How did I write "Socket + XML = pitfall"?
Well, I kind of know the XML code inside out ;-), so I knew beforehand that a SAX parser closes the stream it reads. So I just mostly wrote a simple program to confirm the socket behavior. Also, I think I know about TCP probably more than average developers. That probably have helped, too.
Mostly I just verified that calling socket.getInputStream().close() brings down the whole connection. This you can quickly check by attempting to socket.getOutputStream().write(0); afterward. While no authoritative document was found on this issue, there's overwhelming side evidence to back up this hypothesis; for example, JDK added the partial close support only in 1.3. That must mean that any socket method that pre-date JDK 1.3 cannot possibly do partial close (or else why they needed to add it later?)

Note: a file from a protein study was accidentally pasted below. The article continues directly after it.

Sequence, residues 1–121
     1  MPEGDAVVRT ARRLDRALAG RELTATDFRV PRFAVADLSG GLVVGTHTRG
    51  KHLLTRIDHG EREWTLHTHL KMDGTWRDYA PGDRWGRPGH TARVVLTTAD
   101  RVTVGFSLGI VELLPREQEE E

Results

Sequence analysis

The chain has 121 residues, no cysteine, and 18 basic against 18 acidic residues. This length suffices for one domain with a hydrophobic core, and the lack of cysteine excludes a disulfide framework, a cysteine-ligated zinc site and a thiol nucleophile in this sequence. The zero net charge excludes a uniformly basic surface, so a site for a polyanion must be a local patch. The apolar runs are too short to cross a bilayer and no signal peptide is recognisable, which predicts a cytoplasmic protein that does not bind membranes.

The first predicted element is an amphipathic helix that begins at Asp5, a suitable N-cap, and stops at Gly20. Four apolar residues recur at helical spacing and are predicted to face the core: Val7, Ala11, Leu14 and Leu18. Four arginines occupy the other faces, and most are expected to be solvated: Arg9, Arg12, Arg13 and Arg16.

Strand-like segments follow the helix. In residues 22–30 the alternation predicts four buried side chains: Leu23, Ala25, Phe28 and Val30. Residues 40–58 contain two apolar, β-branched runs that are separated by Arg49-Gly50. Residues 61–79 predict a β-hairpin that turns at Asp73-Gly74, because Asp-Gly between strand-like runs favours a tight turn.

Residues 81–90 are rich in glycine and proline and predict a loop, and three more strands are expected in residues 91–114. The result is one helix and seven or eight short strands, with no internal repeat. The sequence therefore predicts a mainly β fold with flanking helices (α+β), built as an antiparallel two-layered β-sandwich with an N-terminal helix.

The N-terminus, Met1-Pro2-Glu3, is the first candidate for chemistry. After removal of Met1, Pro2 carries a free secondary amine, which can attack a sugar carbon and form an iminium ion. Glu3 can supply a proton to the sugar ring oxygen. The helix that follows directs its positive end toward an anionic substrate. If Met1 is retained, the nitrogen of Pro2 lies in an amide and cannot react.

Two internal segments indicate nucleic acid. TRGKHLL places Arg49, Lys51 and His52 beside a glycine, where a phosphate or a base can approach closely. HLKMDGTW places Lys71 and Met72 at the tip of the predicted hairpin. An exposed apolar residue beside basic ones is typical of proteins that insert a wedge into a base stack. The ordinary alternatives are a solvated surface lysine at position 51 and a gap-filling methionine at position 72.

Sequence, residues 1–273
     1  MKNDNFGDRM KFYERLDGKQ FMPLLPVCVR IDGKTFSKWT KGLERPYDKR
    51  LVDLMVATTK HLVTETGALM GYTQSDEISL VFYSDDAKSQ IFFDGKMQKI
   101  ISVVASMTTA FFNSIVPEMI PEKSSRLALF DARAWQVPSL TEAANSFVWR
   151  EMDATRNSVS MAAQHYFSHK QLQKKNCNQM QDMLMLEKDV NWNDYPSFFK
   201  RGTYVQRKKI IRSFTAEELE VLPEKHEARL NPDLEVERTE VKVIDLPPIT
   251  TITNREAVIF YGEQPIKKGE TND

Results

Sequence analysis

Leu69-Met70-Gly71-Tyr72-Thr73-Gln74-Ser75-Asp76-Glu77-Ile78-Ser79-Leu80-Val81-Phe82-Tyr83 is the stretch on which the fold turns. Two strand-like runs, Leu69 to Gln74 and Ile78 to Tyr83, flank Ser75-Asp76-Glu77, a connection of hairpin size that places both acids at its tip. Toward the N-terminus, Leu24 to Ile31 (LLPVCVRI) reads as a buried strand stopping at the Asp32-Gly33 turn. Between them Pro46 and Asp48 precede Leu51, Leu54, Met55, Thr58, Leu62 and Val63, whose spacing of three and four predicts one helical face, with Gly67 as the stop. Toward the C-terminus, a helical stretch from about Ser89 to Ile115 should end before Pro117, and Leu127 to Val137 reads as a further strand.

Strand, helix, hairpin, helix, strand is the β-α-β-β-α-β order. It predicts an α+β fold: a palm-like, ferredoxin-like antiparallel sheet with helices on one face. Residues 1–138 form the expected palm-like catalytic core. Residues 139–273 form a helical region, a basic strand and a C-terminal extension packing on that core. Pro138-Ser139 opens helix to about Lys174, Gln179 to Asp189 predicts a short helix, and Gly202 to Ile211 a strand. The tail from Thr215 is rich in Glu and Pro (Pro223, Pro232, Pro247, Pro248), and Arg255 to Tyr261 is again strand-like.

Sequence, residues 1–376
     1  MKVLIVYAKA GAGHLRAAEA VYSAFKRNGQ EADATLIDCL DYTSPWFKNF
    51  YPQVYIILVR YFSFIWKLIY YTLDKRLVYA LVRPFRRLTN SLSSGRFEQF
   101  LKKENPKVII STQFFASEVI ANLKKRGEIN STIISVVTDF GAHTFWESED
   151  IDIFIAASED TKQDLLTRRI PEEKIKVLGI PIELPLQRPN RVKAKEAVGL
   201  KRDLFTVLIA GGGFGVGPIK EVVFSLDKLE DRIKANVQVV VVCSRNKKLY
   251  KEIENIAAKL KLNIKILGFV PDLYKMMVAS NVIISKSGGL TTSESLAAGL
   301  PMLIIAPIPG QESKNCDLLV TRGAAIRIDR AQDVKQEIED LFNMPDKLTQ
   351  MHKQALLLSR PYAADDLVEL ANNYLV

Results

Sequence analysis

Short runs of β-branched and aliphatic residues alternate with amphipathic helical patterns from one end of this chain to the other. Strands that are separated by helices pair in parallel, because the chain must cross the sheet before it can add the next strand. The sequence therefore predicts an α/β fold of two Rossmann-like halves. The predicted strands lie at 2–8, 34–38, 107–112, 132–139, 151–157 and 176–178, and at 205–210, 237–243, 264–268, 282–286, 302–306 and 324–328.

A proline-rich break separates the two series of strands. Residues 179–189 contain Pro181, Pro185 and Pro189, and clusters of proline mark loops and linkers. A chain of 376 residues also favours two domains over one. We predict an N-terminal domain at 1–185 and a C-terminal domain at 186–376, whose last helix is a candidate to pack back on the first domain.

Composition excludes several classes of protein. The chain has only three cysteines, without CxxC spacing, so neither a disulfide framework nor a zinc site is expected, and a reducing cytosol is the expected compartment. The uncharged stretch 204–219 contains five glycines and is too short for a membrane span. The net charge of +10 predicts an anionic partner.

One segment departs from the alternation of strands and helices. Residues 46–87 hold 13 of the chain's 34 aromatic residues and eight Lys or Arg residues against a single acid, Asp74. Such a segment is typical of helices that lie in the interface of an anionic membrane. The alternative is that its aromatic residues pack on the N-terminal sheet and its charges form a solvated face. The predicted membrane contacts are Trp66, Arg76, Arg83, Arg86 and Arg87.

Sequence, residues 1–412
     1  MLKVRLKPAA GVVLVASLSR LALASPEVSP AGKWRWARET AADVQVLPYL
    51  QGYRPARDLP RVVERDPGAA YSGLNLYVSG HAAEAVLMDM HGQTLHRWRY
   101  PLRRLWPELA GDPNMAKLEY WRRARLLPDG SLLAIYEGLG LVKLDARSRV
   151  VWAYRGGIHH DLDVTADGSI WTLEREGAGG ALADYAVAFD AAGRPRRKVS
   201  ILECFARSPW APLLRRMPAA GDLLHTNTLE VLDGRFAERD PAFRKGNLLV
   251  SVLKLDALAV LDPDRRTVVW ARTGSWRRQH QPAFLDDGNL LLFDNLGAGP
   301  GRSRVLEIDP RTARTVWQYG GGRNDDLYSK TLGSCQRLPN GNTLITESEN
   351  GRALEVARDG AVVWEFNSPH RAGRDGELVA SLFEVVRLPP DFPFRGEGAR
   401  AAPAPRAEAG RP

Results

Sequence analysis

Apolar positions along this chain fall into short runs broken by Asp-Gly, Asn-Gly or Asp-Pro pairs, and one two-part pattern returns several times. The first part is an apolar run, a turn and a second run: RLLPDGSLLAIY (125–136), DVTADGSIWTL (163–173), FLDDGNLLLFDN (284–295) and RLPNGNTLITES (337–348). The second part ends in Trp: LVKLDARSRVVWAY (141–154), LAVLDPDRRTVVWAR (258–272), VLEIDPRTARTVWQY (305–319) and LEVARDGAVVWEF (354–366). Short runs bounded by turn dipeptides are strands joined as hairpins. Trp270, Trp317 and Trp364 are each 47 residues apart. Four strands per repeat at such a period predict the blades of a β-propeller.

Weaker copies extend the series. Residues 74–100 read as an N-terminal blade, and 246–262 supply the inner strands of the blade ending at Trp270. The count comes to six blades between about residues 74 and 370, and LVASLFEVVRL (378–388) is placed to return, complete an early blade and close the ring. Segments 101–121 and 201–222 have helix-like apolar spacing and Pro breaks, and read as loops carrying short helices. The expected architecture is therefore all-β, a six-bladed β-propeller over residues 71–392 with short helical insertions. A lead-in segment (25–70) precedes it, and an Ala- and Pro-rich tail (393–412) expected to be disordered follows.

Ethereal could have been used. When I was studying TCP I used it a lot. But in this case, since I was just interested in if the connection was still alive, netstat would have been just fine.
I think most of the times I do tricky trouble-shooting by tracing into JDK and seeing the code in action by myself using a debugger. One thing I hate is that JDK core class libraries are compiled without the debug info. This is also done for a reason (to reduce the size of JRE), but one of those days I'll recompile everything in src.zip to create my custom rt.jar with full debug info!